Nurse claims Canadian PM Justin Trudeau’s COVID-19 vaccination was faked, points out red flags
A registered nurse who is trained in giving intramuscular injections created a video explaining why she believes that Canadian Prime Minister Justin Trudeau and his wife Sophie did not actually receive COVID-19 vaccines. In fact, she said she “could spot this from a mile away” just by looking at the footage that was broadcast on live television.
On April 23, Trudeau and his wife were recorded getting their first doses of the AstraZeneca COVID-19 vaccine at a Rexall pharmacy. In the video, Trudeau can be seen rolling up his sleeve and reaching over to his wife and asking her to hold his hand before a pharmacist injected the dose into his left arm at the site of his tattoo.
In the nurse's video, she shared several reasons why she believes that the shots were “obviously fake.” Her main criticism was the fact that the worker who gave the couple their shots used just one hand.
"Nobody does that. You don’t give IM injections that way," she pointed out, using the abbreviation IM for "intramuscular."
The traditional method for administering intramuscular injections like the COVID-19 vaccines is using one hand to locate the deltoid muscle while the other hand injects the vaccine into the muscle in a procedure known as landmarking. Canadian government guidelines state that the skin on the arm "should be stretched flat (between thumb and forefinger) at the time of administration."
For the Trudeaus, she said: “The injector sat back on her chair and threw that needle in like it was a dart, one-handed, didn’t even touch them with the other hand, didn’t touch the needle with the other hand, it was highly unusual."
You can see the odd method in the video, which is posted on Brighteon.
Other experts who reviewed the footage have admitted that healthcare workers are trained to use both hands when they deliver injections, but some were quick to maintain that using just one hand does not necessarily mean that the vaccine's delivery was faked.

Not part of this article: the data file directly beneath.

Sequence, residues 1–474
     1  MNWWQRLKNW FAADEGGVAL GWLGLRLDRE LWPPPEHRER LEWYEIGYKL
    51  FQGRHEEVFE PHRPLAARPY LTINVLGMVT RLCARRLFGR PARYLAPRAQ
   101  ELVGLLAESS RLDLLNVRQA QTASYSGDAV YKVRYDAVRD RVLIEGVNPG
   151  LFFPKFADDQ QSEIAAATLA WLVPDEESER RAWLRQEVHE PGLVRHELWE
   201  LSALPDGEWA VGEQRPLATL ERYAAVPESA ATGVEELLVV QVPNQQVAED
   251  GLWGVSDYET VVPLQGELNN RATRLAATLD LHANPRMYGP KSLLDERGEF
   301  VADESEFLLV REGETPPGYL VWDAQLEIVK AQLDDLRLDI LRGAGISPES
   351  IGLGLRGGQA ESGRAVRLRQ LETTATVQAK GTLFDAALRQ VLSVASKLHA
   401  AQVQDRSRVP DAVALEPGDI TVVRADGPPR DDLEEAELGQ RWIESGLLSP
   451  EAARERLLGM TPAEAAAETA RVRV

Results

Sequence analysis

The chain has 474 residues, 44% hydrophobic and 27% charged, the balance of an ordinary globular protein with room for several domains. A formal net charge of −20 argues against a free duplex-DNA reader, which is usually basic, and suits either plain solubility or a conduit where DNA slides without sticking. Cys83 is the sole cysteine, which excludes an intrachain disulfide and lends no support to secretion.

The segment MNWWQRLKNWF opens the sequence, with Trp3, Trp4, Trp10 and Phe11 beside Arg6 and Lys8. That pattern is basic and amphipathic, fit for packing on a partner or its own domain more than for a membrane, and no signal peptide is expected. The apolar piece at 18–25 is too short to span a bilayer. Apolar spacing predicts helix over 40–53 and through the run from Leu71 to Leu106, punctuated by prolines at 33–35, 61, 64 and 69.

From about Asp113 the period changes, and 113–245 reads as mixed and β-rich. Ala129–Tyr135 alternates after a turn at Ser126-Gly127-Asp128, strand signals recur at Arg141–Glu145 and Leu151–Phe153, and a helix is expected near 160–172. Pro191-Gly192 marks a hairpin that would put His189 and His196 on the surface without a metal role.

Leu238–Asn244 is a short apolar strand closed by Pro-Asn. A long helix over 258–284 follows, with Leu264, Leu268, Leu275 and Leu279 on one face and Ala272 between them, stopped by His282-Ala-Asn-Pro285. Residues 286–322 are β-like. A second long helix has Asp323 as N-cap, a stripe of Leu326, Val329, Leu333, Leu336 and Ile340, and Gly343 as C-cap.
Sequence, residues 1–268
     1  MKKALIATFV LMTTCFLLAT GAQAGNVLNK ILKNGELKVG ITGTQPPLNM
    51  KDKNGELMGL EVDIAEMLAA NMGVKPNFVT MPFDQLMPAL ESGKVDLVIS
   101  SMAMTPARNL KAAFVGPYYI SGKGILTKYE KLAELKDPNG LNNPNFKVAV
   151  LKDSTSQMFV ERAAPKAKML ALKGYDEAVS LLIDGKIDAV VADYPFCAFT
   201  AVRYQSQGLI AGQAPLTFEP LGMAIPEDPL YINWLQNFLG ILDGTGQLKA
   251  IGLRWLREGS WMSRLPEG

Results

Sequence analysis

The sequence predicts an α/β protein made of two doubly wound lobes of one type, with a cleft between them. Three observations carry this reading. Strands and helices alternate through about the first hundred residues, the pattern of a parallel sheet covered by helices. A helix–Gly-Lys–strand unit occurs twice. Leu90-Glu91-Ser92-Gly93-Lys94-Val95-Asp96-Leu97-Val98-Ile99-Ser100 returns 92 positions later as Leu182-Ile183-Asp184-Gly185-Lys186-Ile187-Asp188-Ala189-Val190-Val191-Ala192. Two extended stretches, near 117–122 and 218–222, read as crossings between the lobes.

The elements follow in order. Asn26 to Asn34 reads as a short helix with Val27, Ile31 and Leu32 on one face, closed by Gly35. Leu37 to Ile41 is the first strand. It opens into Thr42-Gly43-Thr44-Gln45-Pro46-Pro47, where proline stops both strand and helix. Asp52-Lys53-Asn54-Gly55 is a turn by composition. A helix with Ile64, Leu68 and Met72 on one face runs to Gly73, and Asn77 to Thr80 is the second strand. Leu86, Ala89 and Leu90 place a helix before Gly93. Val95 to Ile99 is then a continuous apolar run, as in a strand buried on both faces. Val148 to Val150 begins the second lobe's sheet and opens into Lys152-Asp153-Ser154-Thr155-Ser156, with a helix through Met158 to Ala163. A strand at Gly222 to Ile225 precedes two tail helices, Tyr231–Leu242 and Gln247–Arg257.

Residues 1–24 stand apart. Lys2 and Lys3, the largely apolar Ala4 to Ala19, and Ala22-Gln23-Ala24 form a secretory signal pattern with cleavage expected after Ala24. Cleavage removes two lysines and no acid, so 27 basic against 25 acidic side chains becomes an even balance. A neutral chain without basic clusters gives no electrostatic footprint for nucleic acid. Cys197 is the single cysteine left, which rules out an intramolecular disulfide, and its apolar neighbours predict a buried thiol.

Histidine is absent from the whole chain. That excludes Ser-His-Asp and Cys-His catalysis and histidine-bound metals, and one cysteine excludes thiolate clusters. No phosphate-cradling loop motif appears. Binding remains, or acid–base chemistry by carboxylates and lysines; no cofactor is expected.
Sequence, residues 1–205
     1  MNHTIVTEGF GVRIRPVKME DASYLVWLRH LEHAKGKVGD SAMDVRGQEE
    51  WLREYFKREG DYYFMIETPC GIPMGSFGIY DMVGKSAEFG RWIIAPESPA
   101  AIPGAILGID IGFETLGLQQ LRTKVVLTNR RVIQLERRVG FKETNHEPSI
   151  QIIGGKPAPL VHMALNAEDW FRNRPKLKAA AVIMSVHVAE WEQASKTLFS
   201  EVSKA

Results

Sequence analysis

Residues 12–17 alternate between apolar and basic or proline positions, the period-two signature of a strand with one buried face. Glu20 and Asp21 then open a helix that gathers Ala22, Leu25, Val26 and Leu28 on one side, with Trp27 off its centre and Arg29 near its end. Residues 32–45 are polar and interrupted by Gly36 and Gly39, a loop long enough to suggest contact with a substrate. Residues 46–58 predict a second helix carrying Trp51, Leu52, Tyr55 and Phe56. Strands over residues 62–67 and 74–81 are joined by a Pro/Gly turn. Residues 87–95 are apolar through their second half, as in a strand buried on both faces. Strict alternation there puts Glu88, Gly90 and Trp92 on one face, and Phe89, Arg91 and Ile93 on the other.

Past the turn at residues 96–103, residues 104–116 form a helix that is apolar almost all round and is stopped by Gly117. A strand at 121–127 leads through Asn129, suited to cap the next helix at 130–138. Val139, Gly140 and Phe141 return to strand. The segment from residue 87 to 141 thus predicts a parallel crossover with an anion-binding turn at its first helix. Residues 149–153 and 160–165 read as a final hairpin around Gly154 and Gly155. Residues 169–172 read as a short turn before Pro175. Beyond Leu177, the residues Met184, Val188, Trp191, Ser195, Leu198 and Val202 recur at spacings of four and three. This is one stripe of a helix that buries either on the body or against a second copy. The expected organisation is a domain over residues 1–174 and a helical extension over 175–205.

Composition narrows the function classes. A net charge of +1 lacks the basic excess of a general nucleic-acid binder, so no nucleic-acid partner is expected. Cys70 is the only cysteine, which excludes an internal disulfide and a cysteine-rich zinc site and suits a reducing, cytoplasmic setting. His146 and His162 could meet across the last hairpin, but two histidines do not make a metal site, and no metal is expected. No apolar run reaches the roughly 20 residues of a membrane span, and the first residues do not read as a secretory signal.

Speaking to PolitiFact, a spokesperson for the American Pharmacists Association said: "The video with the Trudeaus is not a demonstration of the technique we use to train pharmacy personnel for immunizations, but it also does not necessarily disprove that the Trudeaus were vaccinated."
Other red flags spotted in footage
Another red flag that she pointed out was the fact that the healthcare worker failed to aspirate the Trudeaus' injections. This is a procedure wherein the person administering the vaccine pulls back on the syringe plunger after the needle is inserted into the arm to ensure that it has not punctured a blood vessel. Although some experts have said that aspirating is not necessary for this type of injection, it is common practice, and many believe it can help reduce the chance of negative side effects.
The nurse also felt that the fact that Sophie Trudeau pulled up her sleeve before the nurse could give her a bandage is further evidence that the vaccine she was given was not real.
There have been lots of reports that some of the footage of high-profile individuals getting vaccines on live TV have been faked in some way, although it’s hard to imagine that they wouldn’t have made more of an effort to make the prime minister’s vaccine look more realistic. Of course, it would be understandable if he and his wife didn’t want to get the jab given its many dangers. Nevertheless, the last thing the PM needs right now is any suggestion that he might not have gotten a vaccine that he is forcing on the rest of country, particularly as peaceful protests against the vaccine mandate
for cross-border truckers gain steam.
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